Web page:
Austin officer fired for driving to work over legal limit; supervisor suspended

FILE - Austin Police Department Headquarters (KXAN File Photo)
FILE - Austin Police Department Headquarters (KXAN File Photo)

AUSTIN (KXAN) — An Austin police officer’s actions were called “inexplicable” by the police chief after he drove to work above the legal limit and continued to drive a patrol car after finding out he still had alcohol in his system.

On Tuesday, Oct. 25, 2016, Officer Michael Cuellar arrived for his 5:45 a.m. to 3:45 p.m. shift at the East Substation at 812 Springdale Rd. After showing up at 5:34 a.m., the officer drove a patrol vehicle to Travis County Central Booking downtown to perform an Intoxilyzer Operator (IO) practice test on himself around 7:30 a.m., a requirement for maintaining his certification.

The test results indicated his blood alcohol concentration was 0.064. Cuellar then drove back to the substation and reported the test to his supervisor, Sergeant Steve Urias, who ordered Cuellar to go off duty until he was no longer under the influence. Sgt. Urias was suspended for 60 days, starting Tuesday, for not telling his commander and failing to follow reporting procedures.

Three days after the test, the BAC results were discovered by the Department of Public Safety and brought to the attention of APD Lt. Blake Johnson. The report prompted an internal investigation, according to a disciplinary memo from Interim Police Chief Brian Manley to the city’s director of Civil Service.

Officer Cuellar, a six-year veteran with the department, told investigators he drank about three glasses of vodka the evening before his shift, estimating each drink contained about six or seven ounces. Cuellar said he then drank two glasses of wine, with his last glass being at 10:15 p.m., 7 hours and 30 minutes before the start of his shift.

The officer said, before the investigation, he regularly drank a similar amount of alcohol four nights a week. Cuellar told investigators that before taking the test that Tuesday morning, he hesitated and questioned if he was “OK to take the test.” He also told officers that he had no reason to doubt the accuracy of the test.

The Austin Police Department’s scientific director determined that at 5:30 a.m., Cuellar’s alcohol concentration was at least 0.084, which is more than the legal limit to drive of 0.08. “All objectively reasonable conclusions agree his blood alcohol concentration rate would have been slightly higher at the time he left his home,” the memo states.

The department says Cuellar was up-to-date on his training and retraining on APD’s zero tolerance policy for driving while intoxicated. Official policy requires an indefinite suspension, effectively a firing, for first-time administrative DWI offenders.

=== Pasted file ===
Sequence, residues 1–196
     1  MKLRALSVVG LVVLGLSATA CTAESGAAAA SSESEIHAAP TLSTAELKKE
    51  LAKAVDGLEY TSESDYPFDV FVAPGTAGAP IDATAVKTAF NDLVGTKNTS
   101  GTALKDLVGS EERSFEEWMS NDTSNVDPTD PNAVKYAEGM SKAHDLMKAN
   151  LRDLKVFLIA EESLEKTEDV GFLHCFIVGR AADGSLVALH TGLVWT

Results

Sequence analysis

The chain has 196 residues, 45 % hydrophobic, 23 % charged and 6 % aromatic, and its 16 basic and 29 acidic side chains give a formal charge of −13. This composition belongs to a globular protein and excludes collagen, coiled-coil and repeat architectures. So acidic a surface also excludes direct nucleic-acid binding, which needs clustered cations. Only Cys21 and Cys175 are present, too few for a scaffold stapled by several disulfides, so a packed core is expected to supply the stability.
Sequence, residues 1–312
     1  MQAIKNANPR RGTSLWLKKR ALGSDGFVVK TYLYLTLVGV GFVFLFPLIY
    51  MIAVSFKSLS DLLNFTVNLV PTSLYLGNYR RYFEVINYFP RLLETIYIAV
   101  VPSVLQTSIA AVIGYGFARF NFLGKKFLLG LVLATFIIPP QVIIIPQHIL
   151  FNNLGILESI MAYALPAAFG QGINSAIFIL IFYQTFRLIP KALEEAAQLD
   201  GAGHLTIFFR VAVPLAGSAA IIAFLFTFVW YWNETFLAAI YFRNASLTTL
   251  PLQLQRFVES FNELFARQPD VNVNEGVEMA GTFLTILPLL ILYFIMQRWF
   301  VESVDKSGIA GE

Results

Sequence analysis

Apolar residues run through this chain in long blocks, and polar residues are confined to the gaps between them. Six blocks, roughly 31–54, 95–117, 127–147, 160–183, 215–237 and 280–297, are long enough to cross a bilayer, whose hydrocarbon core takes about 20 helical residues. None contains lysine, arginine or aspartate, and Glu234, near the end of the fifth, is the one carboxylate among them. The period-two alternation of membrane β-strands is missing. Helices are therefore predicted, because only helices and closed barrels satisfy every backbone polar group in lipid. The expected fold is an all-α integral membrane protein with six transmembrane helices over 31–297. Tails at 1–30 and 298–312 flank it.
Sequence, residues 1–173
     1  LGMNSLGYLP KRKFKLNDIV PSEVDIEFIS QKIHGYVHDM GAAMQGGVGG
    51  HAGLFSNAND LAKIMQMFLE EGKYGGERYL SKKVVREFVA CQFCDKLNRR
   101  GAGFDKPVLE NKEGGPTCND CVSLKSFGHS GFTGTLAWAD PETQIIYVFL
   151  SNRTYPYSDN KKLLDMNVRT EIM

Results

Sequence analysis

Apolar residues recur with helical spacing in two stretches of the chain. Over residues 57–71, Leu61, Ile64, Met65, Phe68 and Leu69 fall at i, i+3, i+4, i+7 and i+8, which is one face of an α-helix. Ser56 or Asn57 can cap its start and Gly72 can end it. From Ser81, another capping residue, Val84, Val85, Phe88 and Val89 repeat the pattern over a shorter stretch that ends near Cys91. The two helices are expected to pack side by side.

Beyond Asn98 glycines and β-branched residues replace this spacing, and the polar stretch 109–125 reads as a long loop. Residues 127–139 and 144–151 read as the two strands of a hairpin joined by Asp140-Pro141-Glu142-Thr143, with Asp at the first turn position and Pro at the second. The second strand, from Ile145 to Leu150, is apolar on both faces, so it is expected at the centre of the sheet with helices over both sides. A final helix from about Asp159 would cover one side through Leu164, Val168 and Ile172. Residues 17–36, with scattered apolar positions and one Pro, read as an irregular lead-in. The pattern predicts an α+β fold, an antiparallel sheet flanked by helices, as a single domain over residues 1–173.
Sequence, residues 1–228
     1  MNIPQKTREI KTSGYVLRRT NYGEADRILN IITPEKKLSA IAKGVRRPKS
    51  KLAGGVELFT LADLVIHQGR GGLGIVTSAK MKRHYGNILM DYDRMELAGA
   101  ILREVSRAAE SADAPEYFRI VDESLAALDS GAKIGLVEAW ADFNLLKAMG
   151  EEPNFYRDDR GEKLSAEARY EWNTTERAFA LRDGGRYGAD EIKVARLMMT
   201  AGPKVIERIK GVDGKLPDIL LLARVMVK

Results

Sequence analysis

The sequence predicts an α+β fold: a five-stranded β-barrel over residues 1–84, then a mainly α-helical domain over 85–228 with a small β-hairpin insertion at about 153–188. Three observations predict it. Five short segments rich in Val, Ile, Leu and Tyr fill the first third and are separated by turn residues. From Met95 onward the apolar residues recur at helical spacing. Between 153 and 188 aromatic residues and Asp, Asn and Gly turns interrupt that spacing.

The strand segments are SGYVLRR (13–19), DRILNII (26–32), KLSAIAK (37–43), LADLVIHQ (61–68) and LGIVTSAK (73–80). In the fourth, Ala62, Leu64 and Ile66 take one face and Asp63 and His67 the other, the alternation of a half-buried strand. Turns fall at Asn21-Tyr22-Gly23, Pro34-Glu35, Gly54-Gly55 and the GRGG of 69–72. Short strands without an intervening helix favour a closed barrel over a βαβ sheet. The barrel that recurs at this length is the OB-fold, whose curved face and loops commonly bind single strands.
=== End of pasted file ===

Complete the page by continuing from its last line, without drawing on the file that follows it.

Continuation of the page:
Chief Manley says that Cuellar both driving to work while intoxicated and reporting to duty while above the legal limit warrant an indefinite suspension. Manley says the officer also exposed the department to “inordinate liability” by then driving to Central Booking while at least under the influence of an alcoholic beverage, in the event he was involved in a crash or critical incident.

The chief says Cuellar’s decision to drive back to the substation after seeing his test result was “unjustifiable” and “inexplicable.” Manley continued, “And rather notify a supervisor via telephone, he again endangered himself and the public that morning by driving and APD patrol vehicle.”

At a 4 p.m. press conference, Chief Manley said Cuellar, who has not had any significant issues in the past, will not face any criminal charges.

Cuellar has 10 days starting on Monday to decide whether he wants to appeal his firing. The department says he is appealing the ruling and will be represented by CLEAT.

Sgt. Urias, who has been with the city since 2009, agreed to waive his right to an appeal of his 60-day suspension, also accepted that he will not be able to take the lieutenant’s promotional exam for two years. Urias will also be on a one-year probation starting on the day he returns to duty. If he gets another violation during his probation, the sergeant will be fired without the right to appeal. provides commenting to allow for constructive discussion on the stories we cover. In order to comment here, you acknowledge you have read and agreed to our Terms of Service. Users who violate these terms, including use of vulgar language or racial slurs, will be banned. If you see an inappropriate comment, please flag it for our moderators to review.

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